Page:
Statement by Ms. Misako Kaji, Minister, Permanent Mission of Japan to the United Nations
Item 115: Financial reports and audited financial statements, and reports of the Board of Auditors
Item 132: Administrative and budgetary aspects of the financing of the United Nations peacekeeping operations: Cross-cutting issues

May 9, 2007

  1. The proposed 2007/2008 budgets for UN peacekeeping operations, which we have before us, once again exceeded $5 billion and are envisaged to continue to grow. Under the circumstances, the Government of Japan is obliged to continue scrutinizing the budgets of UN peacekeeping operations both for Headquarters and the field, to make sure that they are fully justified, budgetary discipline ensured and fiscal prudence exercised in the management of these operations. We are also engaged in the examination of the proposal of the Secretary-General, Mr. Ban Ki-moon, on the strengthening of the capacity of the Organization in peacekeeping operations, together with the forthcoming report of the Advisory Committee on this matter.
  2. The budgetary process gives the Secretary-General ample opportunity to demonstrate his commitment and efforts to running an efficient, effective, and accountable United Nations. He is expected to do this by providing Member States with a thorough explanation of present and future efforts to promote efficient and effective management of the human and financial resources entrusted to him. For its part, the General Assembly, in its resolution 59/296, affirmed that budget submissions should reflect management improvements and efficiency gains to be achieved and should articulate future strategies in this regard. The budgetary process should provide an integrated picture of planning and results-based-budgeting; it should make clear the linkage between indicators, outputs, and resources. It should not be merely a paper exercise carried out simply to extract assessed contributions from Member States.
  3. The budgetary process is important for Member States in assuring them that the Organization is making proper use of resources their taxpayers have contributed. My delegation will participate actively in the forthcoming informal consultations to determine whether budget proposals are well justified and will truly serve their intended purposes, whether the Secretary-General is undertaking the required review of the functions of the posts as an ongoing exercise to avoid duplication of functions and an excessive proportion of high-grade posts, and finally whether the Secretary-General has done the homework the Member States requested him to do in the relevant General Assembly resolutions. We believe that careful consideration must be given to thematic management issues with a view to providing further guidance for future strategies before we approve individual mission budgets. Please allow me to make some specific points.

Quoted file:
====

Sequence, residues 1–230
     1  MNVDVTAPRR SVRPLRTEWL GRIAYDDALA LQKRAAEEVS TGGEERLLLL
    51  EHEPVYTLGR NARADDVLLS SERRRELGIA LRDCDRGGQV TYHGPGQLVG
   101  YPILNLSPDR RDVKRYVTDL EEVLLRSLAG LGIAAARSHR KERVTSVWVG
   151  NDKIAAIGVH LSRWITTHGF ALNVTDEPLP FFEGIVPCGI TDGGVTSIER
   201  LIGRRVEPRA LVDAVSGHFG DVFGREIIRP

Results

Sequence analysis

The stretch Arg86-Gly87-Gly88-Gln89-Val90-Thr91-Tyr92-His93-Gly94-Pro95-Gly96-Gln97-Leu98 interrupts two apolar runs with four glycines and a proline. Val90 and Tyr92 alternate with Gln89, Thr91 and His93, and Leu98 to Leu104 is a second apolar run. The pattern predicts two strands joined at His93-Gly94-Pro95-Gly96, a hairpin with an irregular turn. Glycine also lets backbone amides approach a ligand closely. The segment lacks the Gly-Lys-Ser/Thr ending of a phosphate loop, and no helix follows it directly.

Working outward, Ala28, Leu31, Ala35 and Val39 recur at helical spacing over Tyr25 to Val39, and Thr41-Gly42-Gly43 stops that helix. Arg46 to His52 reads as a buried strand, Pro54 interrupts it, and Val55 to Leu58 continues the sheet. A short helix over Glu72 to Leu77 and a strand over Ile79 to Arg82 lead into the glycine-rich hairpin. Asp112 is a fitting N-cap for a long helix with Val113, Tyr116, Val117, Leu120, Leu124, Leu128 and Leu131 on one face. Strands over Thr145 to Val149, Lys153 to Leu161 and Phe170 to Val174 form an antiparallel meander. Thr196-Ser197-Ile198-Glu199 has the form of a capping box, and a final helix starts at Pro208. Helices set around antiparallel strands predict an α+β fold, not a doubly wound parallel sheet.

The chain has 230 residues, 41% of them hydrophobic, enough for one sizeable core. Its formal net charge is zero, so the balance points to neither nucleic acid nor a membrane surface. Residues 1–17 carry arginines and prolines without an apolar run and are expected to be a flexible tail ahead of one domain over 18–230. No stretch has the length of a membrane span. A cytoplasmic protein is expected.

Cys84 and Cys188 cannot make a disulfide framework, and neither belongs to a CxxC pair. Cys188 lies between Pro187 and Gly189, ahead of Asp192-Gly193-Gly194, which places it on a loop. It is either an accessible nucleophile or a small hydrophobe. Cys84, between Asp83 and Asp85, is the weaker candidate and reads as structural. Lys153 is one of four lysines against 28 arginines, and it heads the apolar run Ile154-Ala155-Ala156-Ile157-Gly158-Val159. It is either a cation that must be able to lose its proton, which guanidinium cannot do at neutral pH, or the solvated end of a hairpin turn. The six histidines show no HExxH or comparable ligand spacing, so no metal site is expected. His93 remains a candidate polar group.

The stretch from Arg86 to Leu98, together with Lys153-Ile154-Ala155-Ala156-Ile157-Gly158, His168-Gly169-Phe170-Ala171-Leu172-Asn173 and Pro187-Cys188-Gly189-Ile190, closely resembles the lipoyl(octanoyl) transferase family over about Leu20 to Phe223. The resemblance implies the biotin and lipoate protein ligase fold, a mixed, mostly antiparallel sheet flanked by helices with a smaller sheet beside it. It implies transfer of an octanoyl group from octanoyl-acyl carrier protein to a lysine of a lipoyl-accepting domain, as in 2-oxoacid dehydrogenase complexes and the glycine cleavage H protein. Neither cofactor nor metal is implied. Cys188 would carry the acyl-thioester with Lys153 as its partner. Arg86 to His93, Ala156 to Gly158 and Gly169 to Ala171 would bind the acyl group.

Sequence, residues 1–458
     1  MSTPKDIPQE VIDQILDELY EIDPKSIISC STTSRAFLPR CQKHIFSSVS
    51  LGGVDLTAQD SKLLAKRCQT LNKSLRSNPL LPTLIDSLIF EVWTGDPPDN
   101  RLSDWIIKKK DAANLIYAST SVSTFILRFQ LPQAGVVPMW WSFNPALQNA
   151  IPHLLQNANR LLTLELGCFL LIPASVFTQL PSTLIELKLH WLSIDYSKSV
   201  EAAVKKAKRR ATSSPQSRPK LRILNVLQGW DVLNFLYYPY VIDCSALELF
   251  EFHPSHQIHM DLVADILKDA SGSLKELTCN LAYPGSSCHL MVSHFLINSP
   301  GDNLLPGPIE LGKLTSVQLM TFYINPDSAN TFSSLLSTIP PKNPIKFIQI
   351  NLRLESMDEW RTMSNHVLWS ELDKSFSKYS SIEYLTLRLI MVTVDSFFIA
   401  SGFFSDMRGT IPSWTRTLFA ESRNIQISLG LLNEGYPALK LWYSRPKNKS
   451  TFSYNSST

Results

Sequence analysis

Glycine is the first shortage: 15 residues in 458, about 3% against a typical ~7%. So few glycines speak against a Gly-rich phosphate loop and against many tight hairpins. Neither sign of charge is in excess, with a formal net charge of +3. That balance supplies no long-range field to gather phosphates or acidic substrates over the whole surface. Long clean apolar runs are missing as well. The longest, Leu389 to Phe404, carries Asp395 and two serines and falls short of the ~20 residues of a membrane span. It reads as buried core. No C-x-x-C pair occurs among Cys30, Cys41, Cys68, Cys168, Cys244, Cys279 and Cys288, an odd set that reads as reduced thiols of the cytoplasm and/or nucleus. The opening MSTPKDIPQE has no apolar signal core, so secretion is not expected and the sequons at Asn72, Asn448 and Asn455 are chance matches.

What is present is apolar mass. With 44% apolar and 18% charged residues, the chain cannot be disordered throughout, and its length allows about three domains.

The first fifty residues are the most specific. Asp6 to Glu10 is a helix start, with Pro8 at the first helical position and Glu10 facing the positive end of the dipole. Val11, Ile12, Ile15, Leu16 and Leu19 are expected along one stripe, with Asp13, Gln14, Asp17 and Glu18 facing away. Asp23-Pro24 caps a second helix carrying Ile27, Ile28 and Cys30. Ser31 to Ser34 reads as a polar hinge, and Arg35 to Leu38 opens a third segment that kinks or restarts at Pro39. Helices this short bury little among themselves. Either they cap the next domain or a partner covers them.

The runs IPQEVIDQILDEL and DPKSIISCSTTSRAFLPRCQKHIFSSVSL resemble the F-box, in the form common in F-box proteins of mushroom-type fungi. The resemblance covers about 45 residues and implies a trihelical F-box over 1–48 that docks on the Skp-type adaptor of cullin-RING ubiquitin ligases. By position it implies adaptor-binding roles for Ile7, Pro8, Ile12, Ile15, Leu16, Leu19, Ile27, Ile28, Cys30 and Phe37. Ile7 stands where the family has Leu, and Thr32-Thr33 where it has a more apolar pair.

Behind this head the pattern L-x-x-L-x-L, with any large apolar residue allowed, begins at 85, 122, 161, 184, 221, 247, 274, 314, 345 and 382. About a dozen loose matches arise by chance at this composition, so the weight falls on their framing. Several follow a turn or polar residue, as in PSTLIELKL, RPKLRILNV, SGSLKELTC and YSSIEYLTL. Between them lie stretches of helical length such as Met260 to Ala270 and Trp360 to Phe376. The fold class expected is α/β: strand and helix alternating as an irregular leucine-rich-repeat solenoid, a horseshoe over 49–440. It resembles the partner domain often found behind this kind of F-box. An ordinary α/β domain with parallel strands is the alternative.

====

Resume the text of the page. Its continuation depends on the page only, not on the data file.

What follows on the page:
4. Firstly, we fully share the concern expressed by the Advisory Committee about the absence of evidence of concrete action having been taken in response to the General Assembly and the Advisory Committee's requests to the Secretary-General to ensure the efficiency and effectiveness of management and administrative processes before additional resources are requested. We fully agree with the Advisory Committee that "adding post and non-post resources for inefficient processes is not an acceptable management practice." Furthermore, the problem of duplicative and top-heavy structures of complex, integrated missions remains unresolved, and there appears to be little Headquarters involvement in the monitoring of the evolution of structures in individual peacekeeping operations. Should the study on a mission template be carried out in such a manner that it only analyzes and draws lessons from those missions that have had the problem of duplication and top-heaviness and then proceeds to replicate such a template structure in other missions, it would raise fundamental questions as to the validity and usefulness of such exercise and we strongly caution against a template approach to staffing.